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Don't introduce people to hacker news, let them discover it by themselves
6 points by iamjdg 998 days ago | 5 comments
i love hacker news. its interesting, its innovative, its dynamic, its' unique. i discovered it years ago on my own just randomly seeking knowledge on the internet.

i never forward/tell anyone about hacker news because I don't want it to become some bastion of pop culture. the only people i want here are people who discovered it themselves by perusing the web for interest/knowledge.

i find the knowledge I extract from reading hacker news gives me an advantage over competitors who do not know about hacker news.

anyone else feel the same and practice this "don't lead the horse to water, let them find it themselves" principle?




The site is run as an experiment in internet social behavior. The idea is to see how to keep a growing community feeling small over a long period of time (without actually stagnating). The mod points and submission guidelines http://ycombinator.com/newsguidelines.html aim to prevent the site being overwhelmed with "noise" even though traffic is quite high. Trafic is almost certainly higher than you think. New users get modded down until they be quiet, leave, or learn to stop making jokes that "belong on Reddit". I remember it took me a few months to learn how to write comments that got upvotes, now I'm #51 on the top karma list.

tl;dr I don't think it's a big deal, the site has kept up with new users just fine so far.

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ahh hacker news never fails, great feedback from all, which further proves the quality of contributors here...

i don't agree it is with luck that people find hacker news, sure some percentage do, but do these people recognize the tremendous value of hacker news when they come across it?...probably not most.

if ones does enough reading/research on the web about things related to computers, programming, science, engineering, or technology, they are almost certain to stumble across hacker news and recognize its value...so it is more statistics related to the time a person spends trying to innovate and learn using the web...and these are the people I want on hacker news because selfishly I learn the most from them..and I hope vice versa...

elitist? The belief that certain persons or members of certain classes or groups deserve favored treatment by virtue of their perceived superiority, as in intellect, social status, or financial resources? I do not think hacker news readers/contributors deserve special/favoured treatment. I do think hacker news readers/contributors are in the higher percentile of intellect, but not necessarily in social status or financial resources.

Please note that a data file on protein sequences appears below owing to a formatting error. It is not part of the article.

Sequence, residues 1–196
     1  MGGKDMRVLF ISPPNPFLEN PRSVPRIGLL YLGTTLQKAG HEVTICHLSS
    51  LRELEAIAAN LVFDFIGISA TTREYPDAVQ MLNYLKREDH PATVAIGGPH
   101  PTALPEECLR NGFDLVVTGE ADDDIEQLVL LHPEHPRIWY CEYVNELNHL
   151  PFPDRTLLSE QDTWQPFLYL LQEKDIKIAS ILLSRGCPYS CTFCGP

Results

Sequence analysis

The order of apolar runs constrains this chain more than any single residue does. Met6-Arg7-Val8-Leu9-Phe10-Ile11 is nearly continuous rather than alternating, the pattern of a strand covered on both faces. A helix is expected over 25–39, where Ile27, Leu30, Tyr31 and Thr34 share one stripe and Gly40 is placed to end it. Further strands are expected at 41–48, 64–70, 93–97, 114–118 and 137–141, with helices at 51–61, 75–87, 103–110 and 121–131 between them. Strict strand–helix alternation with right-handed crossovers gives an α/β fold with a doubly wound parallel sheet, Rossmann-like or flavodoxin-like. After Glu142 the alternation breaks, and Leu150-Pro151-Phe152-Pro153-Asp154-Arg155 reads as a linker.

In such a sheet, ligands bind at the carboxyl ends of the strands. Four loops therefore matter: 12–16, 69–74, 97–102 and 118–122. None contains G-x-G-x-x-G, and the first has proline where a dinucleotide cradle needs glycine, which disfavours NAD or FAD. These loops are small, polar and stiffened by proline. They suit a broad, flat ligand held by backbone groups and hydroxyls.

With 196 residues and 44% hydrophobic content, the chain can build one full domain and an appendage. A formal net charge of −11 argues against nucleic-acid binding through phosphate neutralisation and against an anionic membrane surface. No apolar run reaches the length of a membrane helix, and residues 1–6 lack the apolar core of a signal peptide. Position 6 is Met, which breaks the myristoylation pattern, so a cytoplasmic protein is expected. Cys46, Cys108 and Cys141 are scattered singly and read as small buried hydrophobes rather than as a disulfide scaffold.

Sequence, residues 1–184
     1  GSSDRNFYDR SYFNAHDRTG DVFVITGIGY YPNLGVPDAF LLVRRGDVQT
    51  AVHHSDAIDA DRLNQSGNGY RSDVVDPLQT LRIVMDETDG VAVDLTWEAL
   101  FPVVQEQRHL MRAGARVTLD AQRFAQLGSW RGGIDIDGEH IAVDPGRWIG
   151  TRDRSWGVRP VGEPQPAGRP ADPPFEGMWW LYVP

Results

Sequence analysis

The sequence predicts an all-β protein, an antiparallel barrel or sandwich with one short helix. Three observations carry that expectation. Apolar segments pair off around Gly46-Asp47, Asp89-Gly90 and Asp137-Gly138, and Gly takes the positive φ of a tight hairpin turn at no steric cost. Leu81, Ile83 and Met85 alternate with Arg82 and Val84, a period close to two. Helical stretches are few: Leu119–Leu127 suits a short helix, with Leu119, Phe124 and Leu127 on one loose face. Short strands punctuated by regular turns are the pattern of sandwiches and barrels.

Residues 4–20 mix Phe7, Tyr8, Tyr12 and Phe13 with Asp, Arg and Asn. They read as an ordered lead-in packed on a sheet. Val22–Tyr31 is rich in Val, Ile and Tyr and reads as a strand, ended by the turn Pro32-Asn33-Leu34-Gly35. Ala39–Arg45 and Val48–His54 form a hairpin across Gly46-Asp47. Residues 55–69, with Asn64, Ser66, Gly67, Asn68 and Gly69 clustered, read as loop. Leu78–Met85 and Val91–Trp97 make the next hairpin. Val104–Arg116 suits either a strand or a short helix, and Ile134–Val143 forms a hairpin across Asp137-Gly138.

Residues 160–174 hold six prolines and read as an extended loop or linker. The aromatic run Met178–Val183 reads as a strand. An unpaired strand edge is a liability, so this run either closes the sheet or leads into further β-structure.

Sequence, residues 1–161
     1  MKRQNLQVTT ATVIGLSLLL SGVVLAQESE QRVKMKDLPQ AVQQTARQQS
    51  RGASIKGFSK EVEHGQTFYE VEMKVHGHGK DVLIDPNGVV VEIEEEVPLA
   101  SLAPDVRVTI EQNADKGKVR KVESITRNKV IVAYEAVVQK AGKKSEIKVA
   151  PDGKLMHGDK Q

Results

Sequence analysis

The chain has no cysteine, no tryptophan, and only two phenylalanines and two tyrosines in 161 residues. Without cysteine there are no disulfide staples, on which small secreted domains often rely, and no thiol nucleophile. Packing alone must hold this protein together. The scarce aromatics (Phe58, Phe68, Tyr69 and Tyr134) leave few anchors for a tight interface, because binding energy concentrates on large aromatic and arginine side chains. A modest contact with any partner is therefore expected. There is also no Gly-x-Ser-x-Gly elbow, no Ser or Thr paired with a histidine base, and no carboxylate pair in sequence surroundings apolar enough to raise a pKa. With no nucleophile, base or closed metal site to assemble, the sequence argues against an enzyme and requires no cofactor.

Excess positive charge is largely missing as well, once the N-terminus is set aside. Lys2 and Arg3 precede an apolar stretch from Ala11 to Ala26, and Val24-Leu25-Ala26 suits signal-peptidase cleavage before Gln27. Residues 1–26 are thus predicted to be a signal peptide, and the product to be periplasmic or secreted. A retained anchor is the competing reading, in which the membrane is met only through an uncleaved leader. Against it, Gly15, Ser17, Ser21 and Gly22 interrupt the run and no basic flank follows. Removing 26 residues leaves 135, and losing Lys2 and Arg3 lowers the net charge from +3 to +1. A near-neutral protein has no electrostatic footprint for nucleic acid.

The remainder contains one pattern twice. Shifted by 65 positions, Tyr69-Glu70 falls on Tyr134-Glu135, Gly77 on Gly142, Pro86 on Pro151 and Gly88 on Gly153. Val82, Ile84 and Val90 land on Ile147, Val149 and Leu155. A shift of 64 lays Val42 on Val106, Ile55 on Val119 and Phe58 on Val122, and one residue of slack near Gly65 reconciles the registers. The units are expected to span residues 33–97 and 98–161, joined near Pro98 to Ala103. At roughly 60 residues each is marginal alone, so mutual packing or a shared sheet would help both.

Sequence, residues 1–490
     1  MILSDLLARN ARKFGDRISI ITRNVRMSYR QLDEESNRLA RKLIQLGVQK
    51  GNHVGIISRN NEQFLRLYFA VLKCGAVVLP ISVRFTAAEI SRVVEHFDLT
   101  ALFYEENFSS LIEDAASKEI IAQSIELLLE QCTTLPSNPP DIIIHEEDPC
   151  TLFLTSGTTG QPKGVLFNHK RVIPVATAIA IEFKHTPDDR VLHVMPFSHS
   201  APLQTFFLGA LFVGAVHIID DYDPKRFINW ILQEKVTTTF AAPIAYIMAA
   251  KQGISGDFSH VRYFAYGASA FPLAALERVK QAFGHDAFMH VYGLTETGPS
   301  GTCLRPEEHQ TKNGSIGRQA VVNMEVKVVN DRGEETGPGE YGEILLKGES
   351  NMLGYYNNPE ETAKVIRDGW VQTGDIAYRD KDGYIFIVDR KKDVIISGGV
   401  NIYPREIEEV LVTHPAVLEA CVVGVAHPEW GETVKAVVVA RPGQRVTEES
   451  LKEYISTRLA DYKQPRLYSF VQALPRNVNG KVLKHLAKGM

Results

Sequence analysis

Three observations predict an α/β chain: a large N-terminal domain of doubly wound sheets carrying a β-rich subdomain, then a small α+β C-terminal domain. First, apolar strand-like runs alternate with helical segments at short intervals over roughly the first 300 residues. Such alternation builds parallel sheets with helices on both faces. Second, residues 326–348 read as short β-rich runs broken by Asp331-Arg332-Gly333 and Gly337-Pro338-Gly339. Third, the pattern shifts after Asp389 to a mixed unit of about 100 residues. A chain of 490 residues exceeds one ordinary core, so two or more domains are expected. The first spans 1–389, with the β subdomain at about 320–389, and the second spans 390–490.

private? Am I excluding people? No, I just choose not to advertise it, I prefer they find it on their own and recognize its value because I feel it provides a litmus test to the type of people that make this forum so great. But I would never shun or try and forbid anyone from advertising Hacker news...I was just interested in peoples opinion on the matter...so thank you.

i mean how did reddit get so bad, that place is horrible, i would hate it if this happened to hacker news...but then again i would probably keep using the web to learn, innovate, and grow and more than likely stumble onto the next hacker news...

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Seems a bit elitist, no? So you only want the lucky few who stumbled across this little oasis in the vast nightmare of the internet to benefit from the knowledge here? Knowledge that is shared freely, which you then claim to gain a "competitive edge" from?

Seems like you want to keep HN private so you can reap rewards from the knowledge of others, without being forced to share it with the common plebe.

And here I was just wishing people who posted on HN used proper punctuation...

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The YC philosophy that it is better to include a winner than to try and weed out possible failures might be appropriate for HN as well.

Most people won't find HN interesting as an aggregator. Of those who find it interesting, few will be inclined to participate. Only a subset of those will ultimately make significant comments on a regular basis.

The leader board is a select place, but who will make it can't be accurately predicted at the widest part of the funnel.

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I only recommend it to people who I think could really benefit, but urge them not to sign up. I lurked on HN for quite a while before I signed up. (Somewhere on the order of weeks or months.) I think that if you take a bit of time to read other people comments, you'll get a good feel for what to say in your own.

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